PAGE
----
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Black History Milestones at Yale Department of Surgery

March 03, 2022
by Cecelia Smith

In observance of Black History month, a curation of significant milestones in the Department of Surgery's past and recent history.

1857 Cortlandt Van Rensselaer Creed becomes the first African American to be awarded any degree by Yale when he received a medical degree from the School of Medicine in 1857. Dr. Creed later serves as a Civil War Surgeon for the Union Army.

1891 Henry Floyd Gamble is the fourth African American to graduate YSM. He graduates with honors for his thesis, “The Control of Epidemics.” Dr. Gamble later becomes a celebrated surgeon and activist for medical politics.

1897 William F. Penn graduates YSM in 1897. He would then become the first African American surgeon on staff at the Harlem Hospital.

1948 Inspired by her father’s career as a surgeon, Beatrix McCleary Hamburg pursues medicine and becomes is the first African American woman to graduate from YSM in 1948. She has a long career as a thought-leader in child psychiatry.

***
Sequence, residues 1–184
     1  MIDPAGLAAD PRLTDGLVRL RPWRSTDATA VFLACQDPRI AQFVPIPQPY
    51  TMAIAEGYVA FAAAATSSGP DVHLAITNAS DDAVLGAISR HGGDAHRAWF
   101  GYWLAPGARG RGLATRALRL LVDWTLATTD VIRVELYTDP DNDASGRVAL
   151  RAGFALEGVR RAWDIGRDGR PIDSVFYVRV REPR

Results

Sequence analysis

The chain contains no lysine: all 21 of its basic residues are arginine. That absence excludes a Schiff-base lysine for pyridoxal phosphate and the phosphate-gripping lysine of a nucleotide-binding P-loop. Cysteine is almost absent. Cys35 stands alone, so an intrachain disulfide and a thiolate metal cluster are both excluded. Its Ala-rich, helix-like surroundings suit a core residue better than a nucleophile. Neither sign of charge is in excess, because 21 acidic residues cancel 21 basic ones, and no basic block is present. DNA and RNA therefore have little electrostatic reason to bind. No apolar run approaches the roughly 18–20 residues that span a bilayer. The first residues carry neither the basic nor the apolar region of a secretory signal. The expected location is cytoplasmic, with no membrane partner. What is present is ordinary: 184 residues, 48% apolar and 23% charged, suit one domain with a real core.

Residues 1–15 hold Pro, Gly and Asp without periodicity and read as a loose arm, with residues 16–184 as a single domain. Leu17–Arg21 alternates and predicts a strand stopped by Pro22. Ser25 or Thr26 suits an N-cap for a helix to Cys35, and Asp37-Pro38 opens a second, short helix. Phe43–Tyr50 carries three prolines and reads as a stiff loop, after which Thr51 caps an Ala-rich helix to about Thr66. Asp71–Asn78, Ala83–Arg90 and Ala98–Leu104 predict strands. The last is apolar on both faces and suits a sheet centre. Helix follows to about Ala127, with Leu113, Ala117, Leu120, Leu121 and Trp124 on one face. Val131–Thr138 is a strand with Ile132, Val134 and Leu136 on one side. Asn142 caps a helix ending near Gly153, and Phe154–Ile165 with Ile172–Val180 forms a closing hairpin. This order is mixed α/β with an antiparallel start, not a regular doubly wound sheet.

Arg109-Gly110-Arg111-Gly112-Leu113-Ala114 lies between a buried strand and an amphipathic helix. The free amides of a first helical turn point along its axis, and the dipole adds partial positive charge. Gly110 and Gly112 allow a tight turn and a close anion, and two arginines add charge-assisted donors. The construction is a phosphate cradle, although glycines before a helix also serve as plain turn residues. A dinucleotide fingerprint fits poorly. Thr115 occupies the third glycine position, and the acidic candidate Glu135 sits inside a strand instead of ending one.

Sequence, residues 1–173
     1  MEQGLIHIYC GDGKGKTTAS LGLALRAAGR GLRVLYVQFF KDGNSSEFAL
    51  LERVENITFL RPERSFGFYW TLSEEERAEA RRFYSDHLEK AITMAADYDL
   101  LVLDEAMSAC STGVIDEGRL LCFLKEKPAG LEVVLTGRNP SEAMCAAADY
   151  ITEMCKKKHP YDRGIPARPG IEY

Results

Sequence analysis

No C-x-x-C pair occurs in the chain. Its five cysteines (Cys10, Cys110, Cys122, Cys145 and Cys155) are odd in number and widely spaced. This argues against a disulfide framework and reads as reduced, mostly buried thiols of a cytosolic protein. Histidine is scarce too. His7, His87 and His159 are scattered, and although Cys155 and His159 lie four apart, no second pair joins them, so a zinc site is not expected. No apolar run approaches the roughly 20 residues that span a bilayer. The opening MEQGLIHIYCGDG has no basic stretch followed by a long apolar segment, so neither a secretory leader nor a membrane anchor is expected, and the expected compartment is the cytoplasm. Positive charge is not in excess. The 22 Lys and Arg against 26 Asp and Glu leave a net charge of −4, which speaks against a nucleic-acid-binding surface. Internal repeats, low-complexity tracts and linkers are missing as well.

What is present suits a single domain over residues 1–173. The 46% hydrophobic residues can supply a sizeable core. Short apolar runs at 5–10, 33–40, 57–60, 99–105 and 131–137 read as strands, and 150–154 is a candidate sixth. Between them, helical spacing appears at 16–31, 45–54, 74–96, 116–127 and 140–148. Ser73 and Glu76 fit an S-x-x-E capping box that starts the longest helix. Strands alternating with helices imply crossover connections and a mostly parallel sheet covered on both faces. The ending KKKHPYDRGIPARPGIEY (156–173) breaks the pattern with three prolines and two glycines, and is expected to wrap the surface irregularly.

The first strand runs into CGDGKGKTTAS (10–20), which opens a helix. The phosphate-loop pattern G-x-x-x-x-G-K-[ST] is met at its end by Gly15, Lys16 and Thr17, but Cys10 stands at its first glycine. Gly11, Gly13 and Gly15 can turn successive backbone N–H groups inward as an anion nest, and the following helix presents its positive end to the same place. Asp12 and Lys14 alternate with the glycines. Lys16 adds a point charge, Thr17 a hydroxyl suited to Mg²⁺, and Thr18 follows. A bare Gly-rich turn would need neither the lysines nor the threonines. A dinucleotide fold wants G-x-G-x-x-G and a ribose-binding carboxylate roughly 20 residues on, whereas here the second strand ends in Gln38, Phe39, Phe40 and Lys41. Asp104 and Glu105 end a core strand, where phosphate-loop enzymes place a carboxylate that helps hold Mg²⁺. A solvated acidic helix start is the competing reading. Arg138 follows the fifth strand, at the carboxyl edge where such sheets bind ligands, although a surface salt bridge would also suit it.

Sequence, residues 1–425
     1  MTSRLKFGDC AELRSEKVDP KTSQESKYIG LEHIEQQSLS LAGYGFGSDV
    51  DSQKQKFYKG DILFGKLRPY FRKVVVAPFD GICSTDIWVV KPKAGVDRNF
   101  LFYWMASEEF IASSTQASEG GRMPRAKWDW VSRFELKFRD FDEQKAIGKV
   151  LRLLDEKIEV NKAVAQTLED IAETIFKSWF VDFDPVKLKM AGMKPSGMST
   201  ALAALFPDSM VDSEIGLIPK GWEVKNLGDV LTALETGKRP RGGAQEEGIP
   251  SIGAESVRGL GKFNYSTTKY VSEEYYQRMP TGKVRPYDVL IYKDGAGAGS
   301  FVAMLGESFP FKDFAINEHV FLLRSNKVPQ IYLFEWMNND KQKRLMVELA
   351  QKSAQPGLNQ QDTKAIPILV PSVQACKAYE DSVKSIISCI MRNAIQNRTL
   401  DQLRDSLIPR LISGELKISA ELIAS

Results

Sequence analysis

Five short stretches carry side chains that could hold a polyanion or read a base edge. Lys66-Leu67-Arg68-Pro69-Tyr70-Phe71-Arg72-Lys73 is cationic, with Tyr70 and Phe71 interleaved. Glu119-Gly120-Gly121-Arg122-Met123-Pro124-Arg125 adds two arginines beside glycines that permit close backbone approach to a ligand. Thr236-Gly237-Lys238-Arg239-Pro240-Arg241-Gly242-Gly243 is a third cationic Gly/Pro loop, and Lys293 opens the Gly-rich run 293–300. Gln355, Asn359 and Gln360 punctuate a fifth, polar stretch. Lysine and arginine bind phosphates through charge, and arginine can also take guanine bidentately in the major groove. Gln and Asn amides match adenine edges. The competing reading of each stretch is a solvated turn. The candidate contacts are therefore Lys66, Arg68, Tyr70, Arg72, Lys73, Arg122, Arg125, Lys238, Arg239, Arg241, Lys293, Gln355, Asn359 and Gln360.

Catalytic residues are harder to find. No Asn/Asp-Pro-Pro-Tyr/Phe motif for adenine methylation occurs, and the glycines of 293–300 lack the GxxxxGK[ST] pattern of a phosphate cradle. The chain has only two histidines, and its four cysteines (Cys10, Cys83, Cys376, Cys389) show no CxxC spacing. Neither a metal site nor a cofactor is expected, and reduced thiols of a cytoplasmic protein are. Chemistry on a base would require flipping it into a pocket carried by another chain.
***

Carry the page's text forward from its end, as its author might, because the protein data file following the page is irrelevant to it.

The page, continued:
1975 Alexa Canady becomes the first female and first African American enrolled in the Yale New Haven Hospital surgical residency program in 1975. In 1981, she becomes the first African American neurosurgeon in the United States.

1980 Claudia Thomas becomes the first black female orthopedic surgeon in the country, when she completes Yale’s residency program in 1980.

2007 The Yvedt L. Matory lectureship at Yale was established by YSM graduates Dr. Tina Young Poussaint, Dr. Valerie Stone and a committee of YSM medical peers in 2007 in memory of their friend, Dr. Yvedt Matory — a former YSM graduate and YNHH intern who built a legacy as an influential breast surgeon before her death in 2005.

2019 Dr. Nita Ahuja, the first female to lead the Department of Surgery at Yale as Chair, establishes the Martin Luther King Jr. Diversity Lectureship, an annual tradition shared with the surgical services.

2019 James Stewart’s video of the moment he matches into Yale’s General Surgery Residency program goes viral on Twitter, with the US General Surgeon hailing the moment as an inspiration to promote black males entering medical fields.

2020 In 2020, the Black Lives Matter movement inspires new diversity initiatives in the Department, including the development of a required diversity training series, led by faculty Dr. Dirk Johnson and resident Dr. Raymond Jean, in collaboration with Deputy Dean for DEI, Dr. Darin Latimore.

2021 Karen E. Gibbs becomes the first black Chair of Surgery in the history, when she is appointed to the position at Yale New Haven Health, Bridgeport Hospital in 2021.

2022 Paris Butler becomes the Department’s first Vice Chair of Diversity Equity and Inclusion. He begins his tenure in April, 2022.

Submitted by Cecelia Smith on March 04, 2022